Chapter Breakdown
The first chapter provides a brief overview of the setting and theme of the game. It also includes some rules info on specific "Genre Points" which are used with the SilCore rules. The chapter then moves right in to a fairly detailed synopsis of human history beginning in 1977 and covering up to 2210. The history is well-written and detailed enough for players and GMs alike without bogging down in to a lot of boring minutiae. I was instantly hooked on the setting by the material.

The second chapter, The Solar Nations, provides an overview of the Solar System and then detailed descriptions of each of the Solar Nations. Each nation gets about 3-9 pages dedicated to it, including descriptions of its culture, politics, military, and economy. These are pretty evocative and detailed enough to use in a game without trying to define every element, leaving a GM a lot of latitude in customizing the setting.

The nations of the Jovian Chronicles include:
* Mercury - the solar merchants.
* Venus - settled for economic reasons and now ruled by corporations.
* CEGA (Earth) - imperialistic former super-power, now looking to regain the influence it once had.
* Orbitals - the space societies of the Earth system which have largely been absorbed by CEGA.
* Luna - self-sufficient inhabitants of the moon who have joined CEGA.
* Mars - a divided planet with an ongoing, not-so-cold war between its two governments.
* The Belt - nomadic inhabitants who make their living mining the asteroids of the belt.
* Jovian Confederation - a technologically advanced, democratic society.
* Saturn & Titan - largely colonies of the Jovian Confederation, although Titan is considered a Solar reserve.

The third chapter details all of the various important organizations of the Solar System, many of which are the true powers behind the various nations. Each organization gets 1-2 pages of description. It is here that a lot of the ideas for the types of campaigns that are possible. For example, players could take on the roles of agents of SolaPol, the intelligence and law force of the United Space Nations.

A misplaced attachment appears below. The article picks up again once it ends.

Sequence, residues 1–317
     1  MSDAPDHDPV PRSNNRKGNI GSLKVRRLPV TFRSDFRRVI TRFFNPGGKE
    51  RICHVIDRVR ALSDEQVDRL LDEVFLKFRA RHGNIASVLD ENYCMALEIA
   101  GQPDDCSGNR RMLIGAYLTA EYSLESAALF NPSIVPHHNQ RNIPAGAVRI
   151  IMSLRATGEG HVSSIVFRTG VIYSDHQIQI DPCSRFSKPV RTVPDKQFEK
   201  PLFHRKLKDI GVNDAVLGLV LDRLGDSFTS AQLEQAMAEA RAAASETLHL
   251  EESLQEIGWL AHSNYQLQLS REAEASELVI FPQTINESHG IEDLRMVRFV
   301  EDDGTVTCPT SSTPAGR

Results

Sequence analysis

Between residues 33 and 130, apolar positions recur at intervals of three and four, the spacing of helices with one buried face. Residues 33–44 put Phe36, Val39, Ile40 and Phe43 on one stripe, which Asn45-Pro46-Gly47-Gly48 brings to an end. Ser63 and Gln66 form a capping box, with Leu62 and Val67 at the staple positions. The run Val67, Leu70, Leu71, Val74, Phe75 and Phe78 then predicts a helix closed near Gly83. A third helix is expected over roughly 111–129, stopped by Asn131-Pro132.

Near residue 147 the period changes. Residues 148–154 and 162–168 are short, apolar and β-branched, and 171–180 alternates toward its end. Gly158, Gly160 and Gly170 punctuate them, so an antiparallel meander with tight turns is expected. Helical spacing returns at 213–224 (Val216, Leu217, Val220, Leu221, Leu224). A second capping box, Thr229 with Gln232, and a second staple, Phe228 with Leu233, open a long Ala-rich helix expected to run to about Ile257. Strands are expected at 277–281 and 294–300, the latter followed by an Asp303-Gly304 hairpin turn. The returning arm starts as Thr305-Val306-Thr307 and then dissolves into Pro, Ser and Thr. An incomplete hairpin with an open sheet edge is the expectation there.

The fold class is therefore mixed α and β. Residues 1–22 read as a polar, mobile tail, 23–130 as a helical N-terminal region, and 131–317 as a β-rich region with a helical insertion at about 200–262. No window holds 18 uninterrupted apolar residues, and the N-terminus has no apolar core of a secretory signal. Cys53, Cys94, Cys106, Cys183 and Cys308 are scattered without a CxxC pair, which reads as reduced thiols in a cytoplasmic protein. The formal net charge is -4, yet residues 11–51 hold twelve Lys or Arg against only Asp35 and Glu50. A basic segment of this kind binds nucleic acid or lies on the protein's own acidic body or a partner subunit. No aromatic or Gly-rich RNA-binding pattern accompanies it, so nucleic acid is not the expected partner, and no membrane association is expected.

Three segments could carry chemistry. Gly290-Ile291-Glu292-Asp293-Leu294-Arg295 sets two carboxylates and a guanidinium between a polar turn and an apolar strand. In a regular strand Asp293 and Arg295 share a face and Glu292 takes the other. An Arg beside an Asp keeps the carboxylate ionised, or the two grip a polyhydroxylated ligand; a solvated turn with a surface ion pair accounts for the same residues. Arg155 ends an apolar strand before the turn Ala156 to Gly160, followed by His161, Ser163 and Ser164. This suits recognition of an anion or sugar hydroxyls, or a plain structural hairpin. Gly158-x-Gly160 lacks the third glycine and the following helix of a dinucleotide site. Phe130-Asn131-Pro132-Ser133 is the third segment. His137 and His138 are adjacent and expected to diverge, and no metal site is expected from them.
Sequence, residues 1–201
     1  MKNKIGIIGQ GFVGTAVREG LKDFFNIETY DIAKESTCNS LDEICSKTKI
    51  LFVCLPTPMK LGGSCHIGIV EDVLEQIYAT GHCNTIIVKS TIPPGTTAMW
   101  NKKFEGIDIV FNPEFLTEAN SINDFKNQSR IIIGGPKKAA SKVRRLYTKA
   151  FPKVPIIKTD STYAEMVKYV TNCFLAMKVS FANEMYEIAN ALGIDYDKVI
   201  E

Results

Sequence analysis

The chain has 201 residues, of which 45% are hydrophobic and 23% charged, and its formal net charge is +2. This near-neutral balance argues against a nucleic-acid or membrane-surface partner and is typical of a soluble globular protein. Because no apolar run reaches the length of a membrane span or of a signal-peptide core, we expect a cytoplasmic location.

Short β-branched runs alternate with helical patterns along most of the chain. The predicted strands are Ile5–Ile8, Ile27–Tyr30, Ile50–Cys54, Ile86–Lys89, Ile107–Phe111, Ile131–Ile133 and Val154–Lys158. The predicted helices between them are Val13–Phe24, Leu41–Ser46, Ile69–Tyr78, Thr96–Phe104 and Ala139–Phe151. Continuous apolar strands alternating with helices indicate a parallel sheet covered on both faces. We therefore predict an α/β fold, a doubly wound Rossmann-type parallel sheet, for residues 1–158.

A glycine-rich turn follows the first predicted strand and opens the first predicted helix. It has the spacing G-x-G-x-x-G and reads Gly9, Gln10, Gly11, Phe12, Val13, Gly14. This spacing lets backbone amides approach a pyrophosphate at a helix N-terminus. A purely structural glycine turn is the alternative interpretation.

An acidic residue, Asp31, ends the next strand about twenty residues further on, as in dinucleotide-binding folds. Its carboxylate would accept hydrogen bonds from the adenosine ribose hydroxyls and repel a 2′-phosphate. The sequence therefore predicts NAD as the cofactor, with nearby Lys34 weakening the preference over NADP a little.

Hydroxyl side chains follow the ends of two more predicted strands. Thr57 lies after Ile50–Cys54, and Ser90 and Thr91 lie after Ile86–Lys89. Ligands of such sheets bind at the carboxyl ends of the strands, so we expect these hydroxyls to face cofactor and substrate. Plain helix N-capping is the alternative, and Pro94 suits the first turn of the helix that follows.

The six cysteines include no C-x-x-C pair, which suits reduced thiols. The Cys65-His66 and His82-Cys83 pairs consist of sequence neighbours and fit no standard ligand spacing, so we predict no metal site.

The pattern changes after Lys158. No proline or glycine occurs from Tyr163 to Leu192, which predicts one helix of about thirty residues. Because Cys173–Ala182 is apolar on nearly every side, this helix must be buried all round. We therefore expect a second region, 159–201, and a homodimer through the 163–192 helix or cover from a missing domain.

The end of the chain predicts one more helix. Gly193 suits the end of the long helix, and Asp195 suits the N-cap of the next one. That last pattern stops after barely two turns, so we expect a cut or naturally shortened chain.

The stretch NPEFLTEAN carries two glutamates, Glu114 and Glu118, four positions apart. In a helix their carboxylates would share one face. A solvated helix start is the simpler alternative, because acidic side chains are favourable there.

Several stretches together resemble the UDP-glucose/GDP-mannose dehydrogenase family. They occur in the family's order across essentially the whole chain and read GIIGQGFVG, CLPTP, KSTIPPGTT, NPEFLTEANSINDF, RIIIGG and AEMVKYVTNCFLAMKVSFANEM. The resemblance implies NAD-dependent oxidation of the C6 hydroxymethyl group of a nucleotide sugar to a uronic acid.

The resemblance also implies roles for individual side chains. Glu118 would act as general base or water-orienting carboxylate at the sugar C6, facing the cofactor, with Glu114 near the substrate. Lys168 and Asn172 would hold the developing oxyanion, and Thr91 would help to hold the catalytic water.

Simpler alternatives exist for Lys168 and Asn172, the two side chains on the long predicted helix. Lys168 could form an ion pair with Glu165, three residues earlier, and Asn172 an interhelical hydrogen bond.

Some of the key organizations include:
* Mercurian Merchant Guild - a space-faring mechantile guild.
* United Space Nations - the Solar System's equivalent of the U.N.
* Venusian Bank - a huge financial conglomerate that is the true power behind the Venusian government as well as CEGA.
* Solar Cross - the Solar System's version of the Red Cross.
* STRIKE - a terrorist organization whose central goal is to eliminate the Venusian bank's influence over CEGA.

Chapter four is dedicated to character creation. It provides rules for creating characters using either DreamPod 9's Silhouette Core RPG rules or the D20 rules published under the OGL. The chapter provides a step-by-step process for creating colorful characters including the use of "stereotypes" (appropriate to the anime style) each of which provides some sort of mechanical bonus. As this is a hard science-based setting and is restricted to our own solar system, humans are the only race available. However, the game does differentiate between those born in normal gravity and "Lightworlders" and "ZeeGees" (individuals raised in low to no gravity settings) and provides some flavorful differences between the three.

Of the two rule systems supported, SilCore gets most of the attention, as it should because it's far better, in my opinion, for modeling the style.